The most spectacular bloom, by far, was the sand lily. Standing tall in the fading daylight, they barely budged in the strong wind. Their stout, trumpet-shaped flowers looked like they belonged in a fancy bouquet, not growing out of the dust.
While the dunes themselves were nothing to write home about, the wildflowers provided a pleasant surprise.
The following day we decided to take one more hike before leaving Joshua Tree behind. Again, we arrived early at a quiet parking area and set off into the desert.
We had a route in mind but got off course immediately (we wouldn’t find this out until much later). It was no matter, though, because we were immersed in the continued beauty and intrigue of what we discovered. At the parking area we saw one little caterpillar crawling along the ground. As we hiked, we saw one more. Then another. Then swarms of them, covering particular flowering shrubs; the shrubs convulsed under the weight of the bugs. Around us, boulders and wildflowers dotted the landscape. More unfamiliar trees, shrubs and flowers appeared: smoke tree, desert lavender, wishbone bush.
As we hiked in, several hikers passed us on their way out. Early risers! The last couple we passed asked if we’d been on that route before. They ended up turning around because the route disappeared. Ha! They’re not as savvy as us, I thought, as we bid them good day.
We approached a rockpile that must have been where that couple turned back and we walked straight over it. On the other side, when we stopped to assess our location, we noticed that we could see a road to our left. That shouldn’t be! I took out my phone and looked at the map. Ah, not only were we off-route, so were all the people who had come before us. We re-oriented ourselves to get back on track and aimed for a notch on the horizon that would put us in the correct canyon.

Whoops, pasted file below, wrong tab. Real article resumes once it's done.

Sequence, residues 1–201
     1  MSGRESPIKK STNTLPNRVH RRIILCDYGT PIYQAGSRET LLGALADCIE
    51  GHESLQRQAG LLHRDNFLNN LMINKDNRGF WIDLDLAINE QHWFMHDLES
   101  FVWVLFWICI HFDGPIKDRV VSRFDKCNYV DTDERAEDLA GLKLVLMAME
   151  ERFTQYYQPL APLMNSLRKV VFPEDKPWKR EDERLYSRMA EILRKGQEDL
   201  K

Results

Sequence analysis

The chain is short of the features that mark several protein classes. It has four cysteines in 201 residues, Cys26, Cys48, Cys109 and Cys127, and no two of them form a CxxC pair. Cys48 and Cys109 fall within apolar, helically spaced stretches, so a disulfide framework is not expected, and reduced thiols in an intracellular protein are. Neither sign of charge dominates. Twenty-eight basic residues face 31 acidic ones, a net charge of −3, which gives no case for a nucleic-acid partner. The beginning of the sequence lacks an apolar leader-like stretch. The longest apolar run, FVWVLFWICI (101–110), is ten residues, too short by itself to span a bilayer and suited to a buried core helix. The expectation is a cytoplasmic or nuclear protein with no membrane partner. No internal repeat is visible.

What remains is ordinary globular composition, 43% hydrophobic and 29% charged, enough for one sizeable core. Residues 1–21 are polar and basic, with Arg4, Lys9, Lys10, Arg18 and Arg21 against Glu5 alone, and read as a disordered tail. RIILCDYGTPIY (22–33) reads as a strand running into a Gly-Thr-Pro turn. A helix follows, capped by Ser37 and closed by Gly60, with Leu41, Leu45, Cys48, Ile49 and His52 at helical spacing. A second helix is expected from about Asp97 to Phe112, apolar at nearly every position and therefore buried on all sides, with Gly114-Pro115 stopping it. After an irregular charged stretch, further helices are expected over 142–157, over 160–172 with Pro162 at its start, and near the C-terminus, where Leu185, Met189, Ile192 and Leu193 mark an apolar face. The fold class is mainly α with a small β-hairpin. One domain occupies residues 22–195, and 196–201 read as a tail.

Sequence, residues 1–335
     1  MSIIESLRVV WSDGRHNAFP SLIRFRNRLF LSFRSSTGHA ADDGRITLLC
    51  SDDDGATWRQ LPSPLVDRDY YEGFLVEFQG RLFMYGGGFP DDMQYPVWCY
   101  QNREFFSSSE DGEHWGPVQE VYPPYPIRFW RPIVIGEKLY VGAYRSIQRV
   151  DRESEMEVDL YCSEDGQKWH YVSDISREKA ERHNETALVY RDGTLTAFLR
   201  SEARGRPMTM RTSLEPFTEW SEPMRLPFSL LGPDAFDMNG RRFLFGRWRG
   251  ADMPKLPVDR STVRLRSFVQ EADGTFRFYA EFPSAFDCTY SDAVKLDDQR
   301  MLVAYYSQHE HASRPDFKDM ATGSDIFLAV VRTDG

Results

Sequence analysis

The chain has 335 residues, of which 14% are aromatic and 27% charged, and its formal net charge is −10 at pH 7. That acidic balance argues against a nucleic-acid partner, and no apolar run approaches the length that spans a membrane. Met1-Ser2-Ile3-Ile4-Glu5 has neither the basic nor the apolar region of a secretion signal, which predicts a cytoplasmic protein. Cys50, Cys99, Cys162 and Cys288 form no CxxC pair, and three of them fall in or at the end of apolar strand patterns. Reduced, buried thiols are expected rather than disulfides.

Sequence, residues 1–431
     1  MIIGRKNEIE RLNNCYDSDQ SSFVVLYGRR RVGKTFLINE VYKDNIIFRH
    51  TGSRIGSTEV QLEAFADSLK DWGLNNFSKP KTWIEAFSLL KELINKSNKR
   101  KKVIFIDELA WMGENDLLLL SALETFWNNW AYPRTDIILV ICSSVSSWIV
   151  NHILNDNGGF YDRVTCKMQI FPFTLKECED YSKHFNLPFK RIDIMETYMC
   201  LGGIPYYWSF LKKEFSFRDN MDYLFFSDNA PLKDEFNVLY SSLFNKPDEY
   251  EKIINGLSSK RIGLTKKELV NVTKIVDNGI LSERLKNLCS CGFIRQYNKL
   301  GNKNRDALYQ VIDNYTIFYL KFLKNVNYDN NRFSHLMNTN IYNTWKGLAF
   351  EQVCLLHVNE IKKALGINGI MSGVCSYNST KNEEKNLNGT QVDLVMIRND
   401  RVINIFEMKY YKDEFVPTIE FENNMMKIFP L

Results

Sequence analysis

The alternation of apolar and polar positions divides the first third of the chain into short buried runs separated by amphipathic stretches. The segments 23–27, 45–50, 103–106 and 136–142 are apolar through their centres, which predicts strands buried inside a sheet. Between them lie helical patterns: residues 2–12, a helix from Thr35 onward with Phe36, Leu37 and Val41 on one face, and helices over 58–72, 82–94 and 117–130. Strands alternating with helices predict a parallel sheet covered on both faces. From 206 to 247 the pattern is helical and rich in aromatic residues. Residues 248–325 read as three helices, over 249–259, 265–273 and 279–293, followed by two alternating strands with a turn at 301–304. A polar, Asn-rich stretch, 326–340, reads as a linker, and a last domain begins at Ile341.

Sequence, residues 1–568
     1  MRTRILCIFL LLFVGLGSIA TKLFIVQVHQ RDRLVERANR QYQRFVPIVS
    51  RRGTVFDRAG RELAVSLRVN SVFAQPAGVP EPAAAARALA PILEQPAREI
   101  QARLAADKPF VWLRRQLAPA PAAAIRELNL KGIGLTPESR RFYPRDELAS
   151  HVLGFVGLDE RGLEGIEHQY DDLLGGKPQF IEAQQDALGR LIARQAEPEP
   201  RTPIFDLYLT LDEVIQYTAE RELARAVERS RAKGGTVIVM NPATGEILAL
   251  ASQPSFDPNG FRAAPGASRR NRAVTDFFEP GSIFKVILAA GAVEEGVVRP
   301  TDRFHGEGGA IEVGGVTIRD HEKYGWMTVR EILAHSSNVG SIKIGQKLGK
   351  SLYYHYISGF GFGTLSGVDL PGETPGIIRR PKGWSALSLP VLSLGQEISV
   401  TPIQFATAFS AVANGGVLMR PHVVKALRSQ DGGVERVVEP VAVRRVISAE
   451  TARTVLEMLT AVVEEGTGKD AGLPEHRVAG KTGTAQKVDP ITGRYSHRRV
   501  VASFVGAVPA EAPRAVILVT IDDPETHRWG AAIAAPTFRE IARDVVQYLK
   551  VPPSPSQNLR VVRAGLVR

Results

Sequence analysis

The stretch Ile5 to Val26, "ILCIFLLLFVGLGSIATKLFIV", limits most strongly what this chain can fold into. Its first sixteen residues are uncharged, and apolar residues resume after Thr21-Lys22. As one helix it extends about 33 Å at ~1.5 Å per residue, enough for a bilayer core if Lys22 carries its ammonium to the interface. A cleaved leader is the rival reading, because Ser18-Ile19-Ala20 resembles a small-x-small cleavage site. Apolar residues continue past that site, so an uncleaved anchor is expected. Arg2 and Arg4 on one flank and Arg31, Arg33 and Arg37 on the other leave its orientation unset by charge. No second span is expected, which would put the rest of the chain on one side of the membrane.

Our mistake led us to a wonderful, sandy walk among cactus, sage and desert dandelion. Jackrabbits occasionally exploded out from behind a bush and ran off into the distance. The sky overhead was blue and clear. Getting temporarily re-routed in the desert is generally very forgiving, as long as you know how to get back on track and are carrying enough water.
Our return hike got us back on the planned route, where we found blooming beavertail cactus, caterpillar-annihilated shrubbery and petroglyphs. It was a fantastic way to end our visit to this incredible national treasure.
On the drive back through the park, we noticed something remarkable: people were pulled over everywhere, and crowds were randomly tramping across the flower beds within fifty feet of the road. I couldn’t believe it.
If you want to get away from the madness, all it takes is the ability and desire to hike a half mile away from any road, ranger station or popular trail. The solitude is yours if you’re willing to put in a tiny bit of effort. Much of the park’s true beauty is found just off the beaten path. Remember though, especially for off-trail travel: Leave No Trace.